Digital technology and the Internet in particular are often associated with a new, greener economy. Indeed, reducing paper consumption, using video conferences instead of flying to meetings, and introducing smart grids to save energy are but a few examples of how digitalisation can help us protect the environment.
However, the emergence of a hyper-connected way of life has caused the digital sector itself to become a major energy consumer and producer of greenhouse gases (GHG). As with most other aspects of modern day life, overconsumption is causing the planet to overheat, and technology cannot be a ‘cure-all’ solution if we don’t change certain behaviours.
A few figures to set the scene:
The digital sector's energy consumption (related to the production and usage of devices, and to data traffic and storage) is growing by 9% per year and is expected to represent 3.3% of the world’s economic electricity consumption in 2020 (vs. 1.9% in 2013).
The digital sector was already responsible for 3.3% of global GHG emissions in 2017, well above civil aviation (2%), often seen as one of the biggest GHG emitters. In 2020, its share is expected to reach 4%. This is as much as that of entire India in 2015!
Surprising? Turns out ‘dematerialisation’ is not completely true. The digital economy actually uses quite a bit of material – specifically ample volumes of energy and commodities – to fuel it.
Let’s start with hardware, where the ‘material’ aspect is easier to picture (production makes up 45% of the total energy consumption of the digital sector).
We have become addicted to high-tech appliances, from smartphones to tablets, laptops and connected TVs. 7 billion smartphones have been produced since Steve Jobs released his first iPhone. To keep up with the latest, lightest and fastest devices, we (in the richest parts of the world) have been buying a new smartphone every 2 years, on average!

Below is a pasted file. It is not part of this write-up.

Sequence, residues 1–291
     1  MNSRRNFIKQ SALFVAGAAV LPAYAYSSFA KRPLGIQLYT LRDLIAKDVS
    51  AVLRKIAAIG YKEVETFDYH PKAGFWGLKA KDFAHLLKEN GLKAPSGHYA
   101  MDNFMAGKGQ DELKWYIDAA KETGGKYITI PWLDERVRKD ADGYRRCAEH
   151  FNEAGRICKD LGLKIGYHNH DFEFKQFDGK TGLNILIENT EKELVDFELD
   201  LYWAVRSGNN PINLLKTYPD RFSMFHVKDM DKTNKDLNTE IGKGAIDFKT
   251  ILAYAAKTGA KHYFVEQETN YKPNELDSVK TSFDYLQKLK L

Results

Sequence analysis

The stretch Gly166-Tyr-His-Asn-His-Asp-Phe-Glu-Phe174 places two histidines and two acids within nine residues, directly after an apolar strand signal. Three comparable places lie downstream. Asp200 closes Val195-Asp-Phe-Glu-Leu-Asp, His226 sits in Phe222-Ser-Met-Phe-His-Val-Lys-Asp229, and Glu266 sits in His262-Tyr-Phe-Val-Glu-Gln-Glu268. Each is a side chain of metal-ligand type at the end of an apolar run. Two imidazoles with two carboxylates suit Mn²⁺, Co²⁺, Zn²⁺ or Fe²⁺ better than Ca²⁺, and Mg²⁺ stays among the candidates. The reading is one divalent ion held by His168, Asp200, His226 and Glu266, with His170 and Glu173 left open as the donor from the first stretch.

The production phase of a smartphone represents 90% of the direct energy consumption of a smartphone throughout its entire lifecycle, so the more often we get a new one, the more costly to the environment it is.
Electronic devices are made up of thousands of components, rare metals and rare earth elements (40 on average for a smartphone), which are extracted and refined using energy- and water-intensive processes. As mines are often located in countries where environmental and social standards are very low, our race to connectivity, on top of increasing GHG emissions, often translates into deforestation and contamination of land and water (not to mention human rights violations). Recycling solutions are, for the moment, limited and are themselves energy intensive, due to the high number of different metals and low concentration rates.
To make it worse, the production and reserves of these metals are limited, and to secure supply, the digital sector is in direct competition with renewable energies, since the production of windfarms, solar panels and batteries requires some of the same scarce resources.
It is therefore key to extend the life of our devices and fight against planned obsolescence.
Data traffic and storage
Now let’s jump to the even more surprising side of our digital footprint, which is less tangible to users: data traffic and storage.
Already in 2013, Google’s executive chairman Eric Schmidt claimed that “every 2 days, we create as much information as we did up to 2003”. While this is difficult to verify, it gives a taste of the excesses of the ‘Big Data’ era. Data has been growing exponentially, due to the progression of connectivity in the emerging world, and to hyper-connectivity in more developed countries, including the Internet of Things.
Let’s take stock of some of the most basic functionalities of our ‘connected living’:
Email. Any guess of how many emails are exchanged every hour? 10 billion. Only 20% of them are actually read. These emails travel an average of 15,000 km at the speed of light, passing through several servers before reaching their final destination. Just like marathon runners running on slow sugar, emails need energy to complete the race! It is estimated that every single email emits at least 4g of CO2. If an attachment is added, this can go up to 50g, which is equivalent to leaving a low consumption lightbulb switched on for one hour. In total, global email traffic is fuelled by the equivalent of 15 nuclear plants!